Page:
Red Grooms is an American painter, sculptor and printmaker, whose surreal humor and exceptional talent has made him one of the country’s most influential and beloved artists.
Early Life and Education
Charles Rogers Grooms was born in Nashville in 1937. It was after he left home that a friend nicknamed him Red, because of his red hair, and the name stuck. The oldest of three sons, Grooms grew up in suburbia, close to the Nashville city limits. His family was a close-knit clan of fundamentalist Baptists.
Grooms showed an interest in art at a young age and his parents showed their support by enrolling him, at the age of ten, in art classes at the Nashville Children’s Museum.
Grooms’ father was an engineer who worked at home as a coppersmith, selling his bowls and ashtrays at craft fairs. Both father and son studied art with Juanita Green Williams, who taught them plein-air painting. Grooms also studied, on Saturdays, with Nashville artist, Joseph Van Sickle.
Young Grooms was fascinated with the Sunday comics and the theatrical drama of the circus and Hollywood films. He said he especially liked the aspect of the comics where things appeared to, “come out to the spectator.”
In high school, Grooms toyed with the idea of becoming a commercial artist and enrolled in the Famous Artist School correspondence course, founded in 1948 by Albert Dorne and Norman Rockwell.
Grooms spent the summers of 1953 and 1954 working at the Lyzon Gallery and frame shop in Nashville where, when he was a senior in high school, gallery owner Myron King bought some of his paintings and hung them alongside the works of Chaim Gross and other established artists.
In 1955, Grooms attended the Art Institute of Chicago, but went to more museums and galleries than classes and was home by Thanksgiving. By his own admission, he was “a restless and undisciplined student” who also dropped out of a teacher training course at the Peabody Institute and Hans Hoffman’s school in Provincetown.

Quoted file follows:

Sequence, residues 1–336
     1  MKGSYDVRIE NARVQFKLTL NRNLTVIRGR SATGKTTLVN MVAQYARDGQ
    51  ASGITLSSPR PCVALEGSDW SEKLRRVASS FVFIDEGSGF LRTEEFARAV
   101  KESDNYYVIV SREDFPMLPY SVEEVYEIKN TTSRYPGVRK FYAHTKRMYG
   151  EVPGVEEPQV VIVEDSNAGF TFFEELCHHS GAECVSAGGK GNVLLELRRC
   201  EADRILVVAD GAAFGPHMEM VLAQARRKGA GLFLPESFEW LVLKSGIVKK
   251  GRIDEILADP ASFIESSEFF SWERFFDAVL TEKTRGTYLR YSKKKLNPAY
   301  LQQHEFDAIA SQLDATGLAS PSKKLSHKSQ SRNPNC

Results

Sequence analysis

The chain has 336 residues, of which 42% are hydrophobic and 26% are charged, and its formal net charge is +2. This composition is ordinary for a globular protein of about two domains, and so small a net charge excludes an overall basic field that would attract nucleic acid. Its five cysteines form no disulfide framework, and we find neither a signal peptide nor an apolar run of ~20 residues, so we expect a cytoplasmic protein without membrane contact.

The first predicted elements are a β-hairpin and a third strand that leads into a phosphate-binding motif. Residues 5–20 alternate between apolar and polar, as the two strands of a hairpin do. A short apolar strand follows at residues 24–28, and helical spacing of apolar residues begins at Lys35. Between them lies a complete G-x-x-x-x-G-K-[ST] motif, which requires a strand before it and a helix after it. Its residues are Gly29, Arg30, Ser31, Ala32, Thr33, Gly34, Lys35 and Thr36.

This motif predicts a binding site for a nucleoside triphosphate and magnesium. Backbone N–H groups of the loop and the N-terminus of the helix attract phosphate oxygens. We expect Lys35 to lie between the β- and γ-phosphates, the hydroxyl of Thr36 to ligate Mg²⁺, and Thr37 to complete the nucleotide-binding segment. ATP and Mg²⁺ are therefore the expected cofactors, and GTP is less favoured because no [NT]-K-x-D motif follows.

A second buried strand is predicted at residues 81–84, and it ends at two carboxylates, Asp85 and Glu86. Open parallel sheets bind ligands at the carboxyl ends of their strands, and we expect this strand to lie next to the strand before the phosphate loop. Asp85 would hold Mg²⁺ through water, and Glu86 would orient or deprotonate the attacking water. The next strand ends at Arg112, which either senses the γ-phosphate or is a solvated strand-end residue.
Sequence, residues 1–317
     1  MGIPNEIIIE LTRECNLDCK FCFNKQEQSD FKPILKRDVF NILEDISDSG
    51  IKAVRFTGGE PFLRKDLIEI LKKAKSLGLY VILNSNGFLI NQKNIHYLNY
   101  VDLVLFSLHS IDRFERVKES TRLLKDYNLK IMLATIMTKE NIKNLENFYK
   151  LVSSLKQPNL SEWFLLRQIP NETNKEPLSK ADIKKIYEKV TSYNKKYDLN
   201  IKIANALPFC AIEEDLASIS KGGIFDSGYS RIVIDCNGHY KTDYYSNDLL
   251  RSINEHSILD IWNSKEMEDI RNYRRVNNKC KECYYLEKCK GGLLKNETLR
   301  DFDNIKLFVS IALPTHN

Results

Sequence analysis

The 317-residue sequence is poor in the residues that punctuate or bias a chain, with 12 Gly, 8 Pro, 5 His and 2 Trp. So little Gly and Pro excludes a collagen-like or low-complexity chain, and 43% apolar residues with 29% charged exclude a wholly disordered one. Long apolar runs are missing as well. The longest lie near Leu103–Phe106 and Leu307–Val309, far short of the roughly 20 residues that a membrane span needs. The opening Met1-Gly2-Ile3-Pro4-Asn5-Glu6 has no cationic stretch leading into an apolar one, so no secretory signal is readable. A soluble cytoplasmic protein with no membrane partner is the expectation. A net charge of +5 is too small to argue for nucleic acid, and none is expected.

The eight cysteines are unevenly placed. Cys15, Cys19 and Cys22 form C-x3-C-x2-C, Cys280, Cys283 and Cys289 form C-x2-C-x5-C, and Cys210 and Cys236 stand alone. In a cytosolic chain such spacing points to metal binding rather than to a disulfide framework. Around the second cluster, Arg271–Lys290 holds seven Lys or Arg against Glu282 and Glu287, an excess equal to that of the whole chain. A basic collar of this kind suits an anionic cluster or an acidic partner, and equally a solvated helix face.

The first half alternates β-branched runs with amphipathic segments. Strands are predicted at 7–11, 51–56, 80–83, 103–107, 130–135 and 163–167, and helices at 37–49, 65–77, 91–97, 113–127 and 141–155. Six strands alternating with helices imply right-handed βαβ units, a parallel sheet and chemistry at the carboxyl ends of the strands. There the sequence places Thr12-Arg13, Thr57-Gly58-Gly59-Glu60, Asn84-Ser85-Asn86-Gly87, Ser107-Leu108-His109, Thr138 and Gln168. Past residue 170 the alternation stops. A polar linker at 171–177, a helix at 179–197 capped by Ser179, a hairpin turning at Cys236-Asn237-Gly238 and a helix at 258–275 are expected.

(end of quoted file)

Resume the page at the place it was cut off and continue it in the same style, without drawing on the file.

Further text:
Career and Family Life
Grooms stayed in Provincetown, where he got a job as a dishwasher. He worked alongside poet Dominic Falcone, who gave Grooms the nickname Red. Falcone and his wife, painter Yvonne Andersen, were running the Sun Gallery. The couple encouraged young artists to exhibit their works and collaborate on projects. The gallery lit a fire under Grooms and he began to create Happenings with other artists and to work on his own paintings.
Falcone, Anderson and Grooms moved to New York, where Grooms continued to work and experiment with different media. He became focused on city life and, eventually, rented a studio in Manhattan, which became one of the earliest alternative art spaces in the city.
Grooms art has always been filled with movement and action, inviting the viewer to step into the work. One of Grooms’ most notable work was done with his first wife, Mimi Gross, with whom he had a daughter. Ruckus Manhattan was a three-dimensional model of Manhattan. It was shown on 88 Pine Street, where visitors could walk into and through the model. Made of papier-mâché, wood, plastic, fiberglass and vinyl, it included a model subway train, the Brooklyn Bridge, Central Park and the Chrysler building.
Grooms’ works are included in the collections of MoMA, the Art Institute of Chicago, the Whitney and others fine art venues.
He lives and works in Manhattan with his wife, painter and sculptor, Lysine Luong. The couple have been married since 1987.